Social Activity and Cognitive Functioning Over Time: A Coordinated Analysis of Four Longitudinal Studies

DSpace/Manakin Repository

Social Activity and Cognitive Functioning Over Time: A Coordinated Analysis of Four Longitudinal Studies

Citable link to this page

 

 
Title: Social Activity and Cognitive Functioning Over Time: A Coordinated Analysis of Four Longitudinal Studies
Author: Gibbons, Laura E.; Kennison, Robert F.; Robitaille, Annie; Lindwall, Magnus; Shirk, Steven D.; Cimino, Cynthia R.; Benitez, Andreana; MacDonald, Stuart W. S.; Zelinski, Elizabeth M.; Willis, Sherry L.; Schaie, K. Warner; Johansson, Boo; Dixon, Roger A.; Mungas, Dan M.; Hofer, Scott M.; Piccinin, Andrea M.; Brown, Cassandra L.; Mitchell, Meghan B.; Atri, Alireza

Note: Order does not necessarily reflect citation order of authors.

Citation: Brown, Cassandra L., Laura E. Gibbons, Robert F. Kennison, Annie Robitaille, Magnus Lindwall, Meghan B. Mitchell, Steven D. Shirk, Alireza Atri, Cynthia R. Cimino, Andreana Benitez, Stuart W. S. MacDonald, Elizabeth M. Zelinski, Sherry L. Willis, K. Warner Schaie, Boo Johansson, Roger A. Dixon, Dan M. Mungas, Scott M. Hofer, and Andrea M. Piccinin. 2012. Social activity and cognitive functioning over time: a coordinated analysis of four longitudinal studies. Journal of Aging Research 2012:287438.
Full Text & Related Files:
Abstract: Social activity is typically viewed as part of an engaged lifestyle that may help mitigate the deleterious effects of advanced age on cognitive function. As such, social activity has been examined in relation to cognitive abilities later in life. However, longitudinal evidence for this hypothesis thus far remains inconclusive. The current study sought to clarify the relationship between social activity and cognitive function over time using a coordinated data analysis approach across four longitudinal studies. A series of multilevel growth models with social activity included as a covariate is presented. Four domains of cognitive function were assessed: reasoning, memory, fluency, and semantic knowledge. Results suggest that baseline social activity is related to some, but not all, cognitive functions. Baseline social activity levels failed to predict rate of decline in most cognitive abilities. Changes in social activity were not consistently associated with cognitive functioning. Our findings do not provide consistent evidence that changes in social activity correspond to immediate benefits in cognitive functioning, except perhaps for verbal fluency.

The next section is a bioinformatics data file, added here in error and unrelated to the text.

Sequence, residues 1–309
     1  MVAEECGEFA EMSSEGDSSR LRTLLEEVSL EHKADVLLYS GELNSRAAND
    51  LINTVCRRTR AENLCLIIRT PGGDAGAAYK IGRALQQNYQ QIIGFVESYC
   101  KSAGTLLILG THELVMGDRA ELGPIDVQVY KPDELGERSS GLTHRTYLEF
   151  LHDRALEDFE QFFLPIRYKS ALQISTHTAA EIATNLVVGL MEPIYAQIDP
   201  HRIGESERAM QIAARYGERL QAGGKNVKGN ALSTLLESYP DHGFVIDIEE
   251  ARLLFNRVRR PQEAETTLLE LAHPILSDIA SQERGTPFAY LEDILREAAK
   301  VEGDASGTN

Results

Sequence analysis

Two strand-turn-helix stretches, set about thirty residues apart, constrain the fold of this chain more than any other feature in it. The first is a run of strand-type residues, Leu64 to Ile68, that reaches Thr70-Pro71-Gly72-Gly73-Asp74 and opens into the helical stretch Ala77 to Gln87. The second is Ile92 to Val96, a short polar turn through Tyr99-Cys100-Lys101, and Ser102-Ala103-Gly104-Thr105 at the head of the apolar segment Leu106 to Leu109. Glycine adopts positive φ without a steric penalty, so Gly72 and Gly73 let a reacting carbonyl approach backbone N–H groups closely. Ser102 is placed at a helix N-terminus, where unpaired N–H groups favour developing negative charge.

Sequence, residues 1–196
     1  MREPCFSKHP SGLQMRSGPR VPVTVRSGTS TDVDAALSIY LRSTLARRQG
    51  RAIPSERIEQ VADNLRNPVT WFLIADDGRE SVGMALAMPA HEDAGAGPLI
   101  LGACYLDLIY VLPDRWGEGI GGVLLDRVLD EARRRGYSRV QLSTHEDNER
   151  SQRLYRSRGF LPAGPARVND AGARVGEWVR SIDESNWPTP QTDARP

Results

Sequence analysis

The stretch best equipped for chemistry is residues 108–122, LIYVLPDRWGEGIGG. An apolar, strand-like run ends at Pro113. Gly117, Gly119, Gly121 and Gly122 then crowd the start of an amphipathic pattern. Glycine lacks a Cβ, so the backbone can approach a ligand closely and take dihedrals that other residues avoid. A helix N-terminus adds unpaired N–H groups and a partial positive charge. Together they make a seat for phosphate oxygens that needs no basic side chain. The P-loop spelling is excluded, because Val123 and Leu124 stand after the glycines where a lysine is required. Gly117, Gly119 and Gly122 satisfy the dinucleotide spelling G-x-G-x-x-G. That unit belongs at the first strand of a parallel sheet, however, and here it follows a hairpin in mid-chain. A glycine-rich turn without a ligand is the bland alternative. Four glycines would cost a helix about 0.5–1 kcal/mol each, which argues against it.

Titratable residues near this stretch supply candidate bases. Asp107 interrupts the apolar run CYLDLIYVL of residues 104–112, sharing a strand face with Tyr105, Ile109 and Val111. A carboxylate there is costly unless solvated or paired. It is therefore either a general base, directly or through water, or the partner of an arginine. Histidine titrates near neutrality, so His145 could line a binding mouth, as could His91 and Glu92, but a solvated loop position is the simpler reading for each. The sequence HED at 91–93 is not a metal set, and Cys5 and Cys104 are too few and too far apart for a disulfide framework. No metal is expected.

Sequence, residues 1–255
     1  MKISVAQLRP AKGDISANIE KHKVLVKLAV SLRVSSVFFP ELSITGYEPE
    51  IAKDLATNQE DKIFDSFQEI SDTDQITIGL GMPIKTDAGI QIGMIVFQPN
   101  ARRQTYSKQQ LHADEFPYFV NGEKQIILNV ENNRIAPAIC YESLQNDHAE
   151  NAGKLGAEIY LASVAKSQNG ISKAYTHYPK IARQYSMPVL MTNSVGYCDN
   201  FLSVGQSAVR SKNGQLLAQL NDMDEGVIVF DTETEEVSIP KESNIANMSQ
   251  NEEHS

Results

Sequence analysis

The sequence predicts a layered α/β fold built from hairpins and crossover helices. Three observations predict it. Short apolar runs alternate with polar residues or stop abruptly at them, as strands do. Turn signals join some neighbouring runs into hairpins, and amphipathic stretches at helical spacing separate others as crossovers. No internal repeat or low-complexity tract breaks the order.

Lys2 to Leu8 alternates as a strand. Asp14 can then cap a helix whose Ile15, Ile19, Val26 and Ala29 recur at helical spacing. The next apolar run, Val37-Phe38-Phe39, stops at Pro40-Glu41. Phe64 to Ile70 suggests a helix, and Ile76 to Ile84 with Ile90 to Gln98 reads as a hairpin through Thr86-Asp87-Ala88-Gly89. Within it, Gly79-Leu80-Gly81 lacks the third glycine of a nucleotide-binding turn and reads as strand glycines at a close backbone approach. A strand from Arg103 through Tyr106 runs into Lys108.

Published Version: doi:10.1155/2012/287438
Other Sources: http://www.ncbi.nlm.nih.gov/pmc/articles/PMC3444000/pdf/
Terms of Use: This article is made available under the terms and conditions applicable to Other Posted Material, as set forth at http://nrs.harvard.edu/urn-3:HUL.InstRepos:dash.current.terms-of-use#LAA
Citable link to this page: http://nrs.harvard.edu/urn-3:HUL.InstRepos:10461886
Downloads of this work:

Show full Dublin Core record

This item appears in the following Collection(s)

 
 

Search DASH


Advanced Search
 
 

Submitters